You will want to make a negative battery cable and ensure its solidly attached to the frame rail of the car and again from the front frame rail to the engine. Do NOT use the rear shock bolt to “ground” your Mustang.
You want to make sure your ground is 100% before continuing because chasing electric issues down the road isn’t fun. The EEC ground (round connector that was on the factory negative cable) can simply be modified with a round terminal and grounded on the apron in the same spot as before.
You may be tempted to chase the EEC ground back to the battery but that is not required and could cause issues because if you ground the rear properly the path impedance to the front of the car will be a fraction of the impedance of any wire you could possibly run. The chassis is much more effective.
Wait? Can I put a Fuse?
You can, in theory, fuse or add a CB (Circuit Breaker) to the main power cable. Keep in mind that you should carry some spare fuses (or even circuit breaker) if you go this route. The rating is tricky, too high (like above the cable rating) and there will be enough amperage to start a fire, too low and you pop fuses just trying to start the car! For a Fox Mustang with 1/0 cable, I believe I’d start with a 150 to 175amp fuse (and keep spares), If using a fuse, I’d be wise to get a fuse holder that can reach over 300amps and use a smaller fuse.
Running the Power Cable
You will have to use some common sense here because a flaw in your design or engineering can cause a short, a fire and even a battery explosion. Generally you need to make sure to avoid:
- Any moving parts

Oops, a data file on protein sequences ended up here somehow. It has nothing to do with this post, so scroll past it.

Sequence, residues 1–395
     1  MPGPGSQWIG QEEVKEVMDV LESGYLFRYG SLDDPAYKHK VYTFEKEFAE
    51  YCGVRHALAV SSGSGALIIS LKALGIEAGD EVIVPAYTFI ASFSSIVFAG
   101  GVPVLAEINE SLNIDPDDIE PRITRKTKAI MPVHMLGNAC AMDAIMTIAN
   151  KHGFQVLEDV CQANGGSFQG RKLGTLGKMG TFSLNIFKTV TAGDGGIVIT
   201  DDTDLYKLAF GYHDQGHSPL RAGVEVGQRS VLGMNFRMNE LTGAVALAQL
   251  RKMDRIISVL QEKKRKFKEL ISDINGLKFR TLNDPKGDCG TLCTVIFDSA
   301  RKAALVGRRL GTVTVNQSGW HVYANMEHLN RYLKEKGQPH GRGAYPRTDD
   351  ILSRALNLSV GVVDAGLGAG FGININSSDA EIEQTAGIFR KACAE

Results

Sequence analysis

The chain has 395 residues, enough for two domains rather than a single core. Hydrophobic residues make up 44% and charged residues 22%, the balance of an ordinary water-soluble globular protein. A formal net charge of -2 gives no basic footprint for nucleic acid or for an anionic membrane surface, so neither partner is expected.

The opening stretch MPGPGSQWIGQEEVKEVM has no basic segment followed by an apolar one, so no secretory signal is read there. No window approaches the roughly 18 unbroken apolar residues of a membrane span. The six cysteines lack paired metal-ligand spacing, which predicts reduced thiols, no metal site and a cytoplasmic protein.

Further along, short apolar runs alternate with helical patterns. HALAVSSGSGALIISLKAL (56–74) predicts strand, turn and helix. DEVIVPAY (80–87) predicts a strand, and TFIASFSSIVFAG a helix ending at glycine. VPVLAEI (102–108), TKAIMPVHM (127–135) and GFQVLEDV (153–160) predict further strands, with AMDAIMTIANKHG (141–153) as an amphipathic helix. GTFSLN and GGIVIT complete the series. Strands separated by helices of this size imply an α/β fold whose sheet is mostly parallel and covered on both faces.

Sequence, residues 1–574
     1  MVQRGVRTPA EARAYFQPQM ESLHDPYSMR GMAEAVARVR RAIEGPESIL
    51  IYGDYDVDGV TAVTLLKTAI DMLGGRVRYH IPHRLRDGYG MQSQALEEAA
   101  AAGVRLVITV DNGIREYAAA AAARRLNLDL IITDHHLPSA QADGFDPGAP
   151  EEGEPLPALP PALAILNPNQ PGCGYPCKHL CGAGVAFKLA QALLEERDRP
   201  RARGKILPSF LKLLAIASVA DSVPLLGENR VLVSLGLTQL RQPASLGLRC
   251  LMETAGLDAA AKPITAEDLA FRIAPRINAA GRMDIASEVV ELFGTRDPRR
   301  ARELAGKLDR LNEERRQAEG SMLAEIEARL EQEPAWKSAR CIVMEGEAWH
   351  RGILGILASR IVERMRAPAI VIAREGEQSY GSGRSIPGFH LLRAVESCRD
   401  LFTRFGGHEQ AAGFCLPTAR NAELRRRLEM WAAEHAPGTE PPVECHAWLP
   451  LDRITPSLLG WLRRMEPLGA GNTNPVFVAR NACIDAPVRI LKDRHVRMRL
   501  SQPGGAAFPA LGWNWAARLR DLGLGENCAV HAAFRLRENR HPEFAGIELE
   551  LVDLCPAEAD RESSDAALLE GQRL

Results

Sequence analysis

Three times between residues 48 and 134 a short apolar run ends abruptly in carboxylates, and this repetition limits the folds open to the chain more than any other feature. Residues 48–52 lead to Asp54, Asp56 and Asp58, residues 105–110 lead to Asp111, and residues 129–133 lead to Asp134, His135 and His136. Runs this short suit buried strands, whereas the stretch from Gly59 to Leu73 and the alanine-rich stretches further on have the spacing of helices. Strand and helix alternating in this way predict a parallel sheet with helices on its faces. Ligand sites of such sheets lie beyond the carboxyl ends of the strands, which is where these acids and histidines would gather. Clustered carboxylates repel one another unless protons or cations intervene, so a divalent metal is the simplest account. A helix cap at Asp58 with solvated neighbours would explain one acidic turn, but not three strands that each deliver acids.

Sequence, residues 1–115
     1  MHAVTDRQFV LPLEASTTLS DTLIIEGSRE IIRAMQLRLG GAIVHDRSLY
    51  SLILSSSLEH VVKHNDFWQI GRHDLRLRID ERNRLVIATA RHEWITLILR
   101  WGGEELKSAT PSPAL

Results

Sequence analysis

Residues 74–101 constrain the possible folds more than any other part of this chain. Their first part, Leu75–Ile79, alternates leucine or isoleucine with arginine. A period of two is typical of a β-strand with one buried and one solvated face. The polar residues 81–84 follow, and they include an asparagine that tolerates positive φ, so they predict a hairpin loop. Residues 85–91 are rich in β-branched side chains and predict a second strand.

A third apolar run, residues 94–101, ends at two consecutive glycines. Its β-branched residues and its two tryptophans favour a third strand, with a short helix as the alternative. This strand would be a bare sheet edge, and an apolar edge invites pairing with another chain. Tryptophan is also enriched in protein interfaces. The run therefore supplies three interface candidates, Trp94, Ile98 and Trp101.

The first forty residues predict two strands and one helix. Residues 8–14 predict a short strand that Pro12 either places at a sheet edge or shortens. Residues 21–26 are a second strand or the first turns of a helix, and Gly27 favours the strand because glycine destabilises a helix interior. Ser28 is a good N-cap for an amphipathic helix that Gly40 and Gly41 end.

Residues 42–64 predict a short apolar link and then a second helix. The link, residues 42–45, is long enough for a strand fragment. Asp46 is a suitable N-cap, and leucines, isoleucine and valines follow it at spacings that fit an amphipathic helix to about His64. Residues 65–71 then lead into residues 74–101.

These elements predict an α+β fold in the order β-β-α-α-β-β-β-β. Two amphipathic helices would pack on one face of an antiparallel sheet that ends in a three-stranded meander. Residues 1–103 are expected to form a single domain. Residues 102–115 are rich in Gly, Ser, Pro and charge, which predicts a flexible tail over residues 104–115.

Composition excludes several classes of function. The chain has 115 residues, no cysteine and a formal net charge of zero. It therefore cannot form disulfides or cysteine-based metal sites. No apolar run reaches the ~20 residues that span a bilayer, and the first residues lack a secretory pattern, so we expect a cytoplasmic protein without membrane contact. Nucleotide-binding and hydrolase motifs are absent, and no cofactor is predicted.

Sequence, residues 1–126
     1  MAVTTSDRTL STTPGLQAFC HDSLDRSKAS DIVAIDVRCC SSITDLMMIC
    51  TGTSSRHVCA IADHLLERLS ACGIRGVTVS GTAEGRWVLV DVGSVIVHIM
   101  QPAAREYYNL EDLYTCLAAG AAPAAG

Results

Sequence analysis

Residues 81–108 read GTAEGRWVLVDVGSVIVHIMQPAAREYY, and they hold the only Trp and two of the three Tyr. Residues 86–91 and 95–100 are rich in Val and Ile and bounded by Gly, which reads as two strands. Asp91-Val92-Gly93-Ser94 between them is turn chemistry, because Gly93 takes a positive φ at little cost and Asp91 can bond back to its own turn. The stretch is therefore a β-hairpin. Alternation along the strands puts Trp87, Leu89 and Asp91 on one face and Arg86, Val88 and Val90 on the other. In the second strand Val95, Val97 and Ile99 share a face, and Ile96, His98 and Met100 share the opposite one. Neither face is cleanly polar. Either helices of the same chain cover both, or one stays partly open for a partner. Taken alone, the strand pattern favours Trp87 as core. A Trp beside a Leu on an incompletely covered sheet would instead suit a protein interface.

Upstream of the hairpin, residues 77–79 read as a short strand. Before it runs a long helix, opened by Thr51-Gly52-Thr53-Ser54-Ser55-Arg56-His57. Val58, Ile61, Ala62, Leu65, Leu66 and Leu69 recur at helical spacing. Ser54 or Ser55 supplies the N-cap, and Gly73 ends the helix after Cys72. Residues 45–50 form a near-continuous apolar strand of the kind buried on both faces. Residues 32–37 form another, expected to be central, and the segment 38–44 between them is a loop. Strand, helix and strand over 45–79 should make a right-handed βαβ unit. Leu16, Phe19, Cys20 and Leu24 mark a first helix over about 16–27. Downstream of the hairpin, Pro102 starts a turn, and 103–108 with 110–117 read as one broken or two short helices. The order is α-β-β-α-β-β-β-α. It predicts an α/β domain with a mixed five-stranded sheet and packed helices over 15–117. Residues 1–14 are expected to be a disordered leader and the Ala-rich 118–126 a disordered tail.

- Anything that gets hot
- Anything that contains fuel
- Not using any grommets
Outside or Inside?
This is an ongoing debate, there no rules around this. Some people prefer to run the power cable under the car, most likely tied to a subframe connector (or run through it). Note that you are subjecting the cable to possible road debris that could damage the insulator and possibly start a fire, not to mention the risk of having to use a jack or 2 post hoist. Also if using welding cable, running it under the chassis could expose it to oil and other chemicals the insulation is NOT designed to handle which will weaken it and eventually cause a short. ~ not good!
Inside the car, the cable stays out of harm’s way of road debris and any moving parts. Typically run the cable from the battery, to the driver’s side rocker panel and through the firewall into the engine bay which conveniently has a large grommet as pictured below, also with “kill switch” alternator wires.
In the event of a side impact, the last thing you want to think about is if your positive cable shorting and causing a fire. To remedy this point of failure, you could run the cable along the trans tunnel on the inside.
Note: You could also run the power cable on the passenger side and directly to the starter (if you have a mini starter that comes with a solenoid).
Introducing the Extra Paranoid Battery Relocation
If you are paranoid about this, you could move the solenoid to the trunk (even if you have a mini starter with a solenoid). You need to extend the trigger wire to the trunk and add another power cable for the alternator to the battery which could be fused on both ends (100 to 150 amps). What this does is prevent the large power cable to have electricity when the engine isn’t cranking. To feed the spaghetti of power feeds at the old solenoid location, you could use an isolated post to combine the alternator cable, alternator extension cable and all the chassis power feeds.
Installing the Kill Switch
This is going to be a requirement at the track for battery relocated cars. The switch needs to not only cut battery juice to the front but also stop the alternator from keeping the screaming V8 alive! The trick is to interrupt the voltage regulator on the 3G, this is a very reliable method and doesn’t require running more heavy cable to the back of the foxbody. The alternator uses a small current (green wire) to turn the regulator on and make it output voltage. Turn off the power on the (green wire) to the regulator and the alternator shuts down.
Wiring diagram for installing a Moroso kill switch on the fox Mustang.
That’s about it, feel free to comment below if I omitted some crucial details. Do you use welder cable or dead-set against it… Also do you use a fuse on the large power cable? Share your experiences with the comments below.